Coagulants are used for treatment of all kinds of water
Coagulation is the oldest known water treatment method
In industry, coagulants are frequently used for water treatment
In drinking water production, coagulants remove particles, humic substances and colour
Coagulants produce healthy and enjoyable drinking water
Coagulants are used for treatment of all kinds of water

REACH is a European regulation which deals with the Registration, Evaluation, Authorisation and Restriction of Chemical substances. Although REACH came into force on 1 June 2007, registration of substances did not start until 2010. This process should be completed by 2018.

To help European chemical producers meet their REACH obligations, Cefic established a dedicated group called ReachCentrum in 2006. Through their expertise, the ReachCentrum team are able to help INCOPA’s members navigate the REACH registration process. Producers of inorganic coagulants are covered by ReachCentrum’s Aluminium and Iron Salts REACH Consortium (known as AlFe).

The AlFe REACH Consortium registered 11 Joint Submissions before 1 December 2010. The submissions included classification and labelling proposals and a joint chemical safety report template.

One of the provisions of REACH is the Community Rolling Action Plan (CoRAP). Substances added to the CoRAP list are evaluated by a member state over a period of three years to determine their toxicity and whether restrictions are needed on the labelling or use of the substance. For example, aluminium sulfate has been added to the REACH CoRAP list and the substance will be reviewed by the French authorities by 2015. INCOPA has a task force in place to prepare for this review.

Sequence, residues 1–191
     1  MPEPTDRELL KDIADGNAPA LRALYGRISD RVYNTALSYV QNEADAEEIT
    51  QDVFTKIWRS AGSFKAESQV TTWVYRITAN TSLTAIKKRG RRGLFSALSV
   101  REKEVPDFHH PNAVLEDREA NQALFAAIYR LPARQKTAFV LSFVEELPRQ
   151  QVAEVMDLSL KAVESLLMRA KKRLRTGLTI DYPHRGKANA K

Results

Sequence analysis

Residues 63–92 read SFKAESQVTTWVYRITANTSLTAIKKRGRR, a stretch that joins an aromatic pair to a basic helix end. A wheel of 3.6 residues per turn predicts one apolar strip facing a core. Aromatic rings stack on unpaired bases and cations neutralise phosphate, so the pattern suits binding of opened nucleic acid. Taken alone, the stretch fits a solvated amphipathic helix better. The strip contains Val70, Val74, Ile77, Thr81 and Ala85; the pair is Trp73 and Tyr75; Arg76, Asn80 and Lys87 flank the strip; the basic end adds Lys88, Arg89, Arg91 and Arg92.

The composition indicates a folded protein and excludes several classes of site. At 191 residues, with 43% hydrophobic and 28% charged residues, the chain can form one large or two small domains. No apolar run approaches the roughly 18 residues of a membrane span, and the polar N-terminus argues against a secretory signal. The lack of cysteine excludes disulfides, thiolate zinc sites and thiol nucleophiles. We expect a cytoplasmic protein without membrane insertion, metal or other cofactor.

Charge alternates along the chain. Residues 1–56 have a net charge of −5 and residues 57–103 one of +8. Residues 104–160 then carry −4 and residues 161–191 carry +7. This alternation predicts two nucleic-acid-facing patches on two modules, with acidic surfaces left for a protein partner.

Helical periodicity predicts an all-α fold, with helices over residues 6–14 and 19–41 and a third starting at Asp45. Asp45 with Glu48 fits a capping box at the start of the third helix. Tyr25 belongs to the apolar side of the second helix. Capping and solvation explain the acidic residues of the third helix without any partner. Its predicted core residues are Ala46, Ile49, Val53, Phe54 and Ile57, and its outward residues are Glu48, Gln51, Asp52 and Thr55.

Applications

Industrial Uses
For industry, coagulants provide a method of reusing water in a cost-effective way that does not comprise the industrial process.
Paper Industry
Inorganic coagulants are used in two critical parts of the paper production process: sizing and retention.
Waste Water
To ensure the water does no harm to people or the environment when it is released, waste water must be treated to reduce the level of contaminants to acceptable levels.
Other Applications
In addition to their role as inorganic coagulants, aluminium and iron salts are used in many other applications.
Drinking Water
In order to protect our health, all drinking water must be cleared of pathogens and impurities before it is used.

FAQs

How do inorganic coagulants work?

Coagulants have a positive electrical charge. By contrast, particles which are dissolved or suspended in water typically have a negative charge. The positive charge of the inorganic coagulant neutralises the negative charge of the particle and the two bind together (coagulate) in larger particles in a process known as flocculation.

These larger particles (known as floc) are heavy and quickly settle to the bottom of the water in a process called sedimentation. Lighter flocs can be removed from the water using filters. Different coagulants target different types of particles in the water.

 

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